MariaDB Database Server¶
- A Rocky Linux server
- Proficiency with a command-line editor (we are using vi in this example)
- A heavy comfort level with issuing commands from the command-line, viewing logs, and other general systems administrator duties
- An understanding of mariadb-server databases is helpful
- All commands are run as the root user or sudo
The mariadb-server and it's client mariadb are the open source alternatives to mysql-server and mysql, and they share command structure. mariadb-server can be found running on many web servers, due to the popular Wordpress CMS which requires it. This database, though, has many other uses.
If you'd like to use this along with other tools for hardening a web server, refer back to the Apache Hardened Web Server guide.
We need to install mariadb-server:
dnf install mariadb-server
To strengthen the security of mariadb-server we need to run a script, but before we do, we need to enable and start mariadb:
systemctl enable mariadb
systemctl start mariadb
Next, run this command:
The version of mariadb-server that comes enabled by default in Rocky Linux 8.5 is 10.3.32. You can install 10.5.13 by enabling the module:
dnf module enable mariadb:10.5
And then installing
mariadb. As of version 10.4.6 of MariaDB, MariaDB specific commands are available that you can use instead of the old
mysql prefixed commands. These include the previously mentioned
mysql_secure_installation which can now be called with the MariaDB version
This brings up a dialog:
NOTE: RUNNING ALL PARTS OF THIS SCRIPT IS RECOMMENDED FOR ALL MariaDB SERVERS IN PRODUCTION USE! PLEASE READ EACH STEP CAREFULLY! In order to log into MariaDB to secure it, we'll need the current password for the root user. If you've just installed MariaDB, and you haven't set the root password yet, the password will be blank, so you should just press enter here. Enter current password for root (enter for none):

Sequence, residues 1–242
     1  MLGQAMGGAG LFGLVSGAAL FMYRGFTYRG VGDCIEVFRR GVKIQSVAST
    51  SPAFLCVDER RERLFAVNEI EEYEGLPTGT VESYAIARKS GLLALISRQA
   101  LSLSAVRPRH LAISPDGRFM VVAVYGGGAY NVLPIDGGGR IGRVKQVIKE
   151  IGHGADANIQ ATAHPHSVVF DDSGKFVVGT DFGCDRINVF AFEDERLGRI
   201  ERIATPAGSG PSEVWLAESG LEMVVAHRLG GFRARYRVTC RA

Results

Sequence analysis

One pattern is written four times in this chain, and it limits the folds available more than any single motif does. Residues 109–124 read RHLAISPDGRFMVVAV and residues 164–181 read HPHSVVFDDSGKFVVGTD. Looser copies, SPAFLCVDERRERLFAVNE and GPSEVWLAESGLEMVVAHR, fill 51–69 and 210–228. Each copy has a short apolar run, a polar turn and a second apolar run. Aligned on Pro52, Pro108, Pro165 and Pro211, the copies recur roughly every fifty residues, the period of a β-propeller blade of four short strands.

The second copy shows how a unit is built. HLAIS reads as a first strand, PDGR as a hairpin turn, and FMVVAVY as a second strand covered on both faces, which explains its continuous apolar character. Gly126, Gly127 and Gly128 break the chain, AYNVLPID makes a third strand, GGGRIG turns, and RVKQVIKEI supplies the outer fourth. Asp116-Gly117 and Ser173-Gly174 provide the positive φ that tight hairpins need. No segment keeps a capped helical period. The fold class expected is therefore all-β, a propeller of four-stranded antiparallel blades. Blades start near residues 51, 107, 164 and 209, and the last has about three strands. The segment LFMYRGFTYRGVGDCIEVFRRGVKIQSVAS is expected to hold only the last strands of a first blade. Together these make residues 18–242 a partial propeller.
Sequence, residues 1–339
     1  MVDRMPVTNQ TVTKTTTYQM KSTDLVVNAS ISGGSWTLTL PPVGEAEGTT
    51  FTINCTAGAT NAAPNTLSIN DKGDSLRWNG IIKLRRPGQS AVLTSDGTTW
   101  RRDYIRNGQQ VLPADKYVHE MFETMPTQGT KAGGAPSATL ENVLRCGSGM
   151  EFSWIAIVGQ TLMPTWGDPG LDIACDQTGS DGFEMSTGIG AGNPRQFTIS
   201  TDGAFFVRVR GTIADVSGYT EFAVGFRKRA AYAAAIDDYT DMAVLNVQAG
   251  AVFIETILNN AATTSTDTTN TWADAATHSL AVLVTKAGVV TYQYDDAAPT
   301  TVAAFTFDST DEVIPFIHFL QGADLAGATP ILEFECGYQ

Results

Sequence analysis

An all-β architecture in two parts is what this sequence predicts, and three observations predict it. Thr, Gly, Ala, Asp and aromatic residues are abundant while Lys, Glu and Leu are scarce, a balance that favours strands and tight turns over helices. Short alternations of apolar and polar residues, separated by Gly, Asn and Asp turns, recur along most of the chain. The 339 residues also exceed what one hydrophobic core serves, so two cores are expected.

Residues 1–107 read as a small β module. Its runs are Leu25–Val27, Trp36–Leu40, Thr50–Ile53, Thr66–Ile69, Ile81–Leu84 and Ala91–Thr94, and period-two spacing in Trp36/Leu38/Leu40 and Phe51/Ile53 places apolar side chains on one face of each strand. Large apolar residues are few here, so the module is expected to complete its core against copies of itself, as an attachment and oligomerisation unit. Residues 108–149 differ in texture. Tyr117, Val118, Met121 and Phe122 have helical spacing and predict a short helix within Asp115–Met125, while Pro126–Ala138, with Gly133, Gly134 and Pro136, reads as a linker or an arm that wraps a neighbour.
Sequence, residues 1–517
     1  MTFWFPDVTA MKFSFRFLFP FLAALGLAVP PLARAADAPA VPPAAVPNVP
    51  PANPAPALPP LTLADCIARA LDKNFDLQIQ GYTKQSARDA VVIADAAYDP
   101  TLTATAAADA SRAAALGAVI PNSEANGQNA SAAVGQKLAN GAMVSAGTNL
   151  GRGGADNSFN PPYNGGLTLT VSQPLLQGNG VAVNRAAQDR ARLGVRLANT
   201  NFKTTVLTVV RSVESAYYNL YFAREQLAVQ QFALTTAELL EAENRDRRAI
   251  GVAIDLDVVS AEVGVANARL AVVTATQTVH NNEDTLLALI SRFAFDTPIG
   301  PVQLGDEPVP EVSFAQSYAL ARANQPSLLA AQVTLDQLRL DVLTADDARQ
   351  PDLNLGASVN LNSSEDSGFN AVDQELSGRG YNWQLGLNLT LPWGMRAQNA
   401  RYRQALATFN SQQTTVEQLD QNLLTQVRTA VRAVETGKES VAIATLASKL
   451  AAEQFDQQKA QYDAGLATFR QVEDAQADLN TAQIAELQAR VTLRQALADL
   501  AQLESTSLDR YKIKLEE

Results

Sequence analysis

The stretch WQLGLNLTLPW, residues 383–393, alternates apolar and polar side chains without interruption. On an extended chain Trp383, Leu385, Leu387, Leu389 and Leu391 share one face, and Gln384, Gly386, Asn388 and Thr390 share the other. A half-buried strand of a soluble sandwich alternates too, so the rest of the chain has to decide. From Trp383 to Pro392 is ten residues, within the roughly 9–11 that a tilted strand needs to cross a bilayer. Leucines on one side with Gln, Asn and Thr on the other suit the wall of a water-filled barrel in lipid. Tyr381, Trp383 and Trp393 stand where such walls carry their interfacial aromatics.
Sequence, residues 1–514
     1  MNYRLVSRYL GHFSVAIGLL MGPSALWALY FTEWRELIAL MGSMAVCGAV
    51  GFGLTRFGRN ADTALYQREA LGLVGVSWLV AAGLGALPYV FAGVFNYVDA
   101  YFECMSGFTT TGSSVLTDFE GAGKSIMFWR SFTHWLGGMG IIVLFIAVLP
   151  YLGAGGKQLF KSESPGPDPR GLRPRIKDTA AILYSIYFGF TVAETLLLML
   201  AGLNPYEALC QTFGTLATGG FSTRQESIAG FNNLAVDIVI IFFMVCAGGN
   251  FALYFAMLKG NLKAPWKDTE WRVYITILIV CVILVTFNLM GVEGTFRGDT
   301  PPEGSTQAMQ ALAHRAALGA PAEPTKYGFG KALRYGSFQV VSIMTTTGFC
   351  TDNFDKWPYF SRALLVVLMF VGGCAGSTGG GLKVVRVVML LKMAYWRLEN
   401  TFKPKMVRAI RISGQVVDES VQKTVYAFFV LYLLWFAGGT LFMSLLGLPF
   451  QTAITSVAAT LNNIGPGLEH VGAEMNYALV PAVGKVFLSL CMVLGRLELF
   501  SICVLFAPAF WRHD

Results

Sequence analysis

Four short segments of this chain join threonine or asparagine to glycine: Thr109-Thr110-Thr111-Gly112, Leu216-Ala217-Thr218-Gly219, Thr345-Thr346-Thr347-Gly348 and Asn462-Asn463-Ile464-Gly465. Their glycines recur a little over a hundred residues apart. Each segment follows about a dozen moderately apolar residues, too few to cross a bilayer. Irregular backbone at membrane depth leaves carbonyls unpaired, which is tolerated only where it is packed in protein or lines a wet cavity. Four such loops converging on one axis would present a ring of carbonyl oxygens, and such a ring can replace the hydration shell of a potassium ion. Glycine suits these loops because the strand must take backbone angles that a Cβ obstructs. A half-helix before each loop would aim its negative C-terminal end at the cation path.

Since this is a brand new installation, there is no root password set. So just hit enter here.
The next part of the dialog continues:
OK, successfully used password, moving on... Setting the root password ensures that nobody can log into the MariaDB root user without the proper authorisation. Set root password? [Y/n]
You absolutely do want to have a root password set. You'll want to figure out what this should be and document it in a password manager somewhere so that you can pull it up if necessary. Start by hitting 'Enter' to accept the default "Y". This will bring up the password dialog:
New password: Re-enter new password:
Enter your chosen password and then confirm it by entering it again. If this is successful, you will get the following dialog:
Password updated successfully! Reloading privilege tables.. ... Success!
Next the dialog deals with the anonymous user:
By default, a MariaDB installation has an anonymous user, allowing anyone to log into MariaDB without having to have a user account created for them. This is intended only for testing, and to make the installation go a bit smoother. You should remove them before moving into a production environment. Remove anonymous users? [Y/n]
The answer here is "Y" so just hit 'Enter' to accept the default.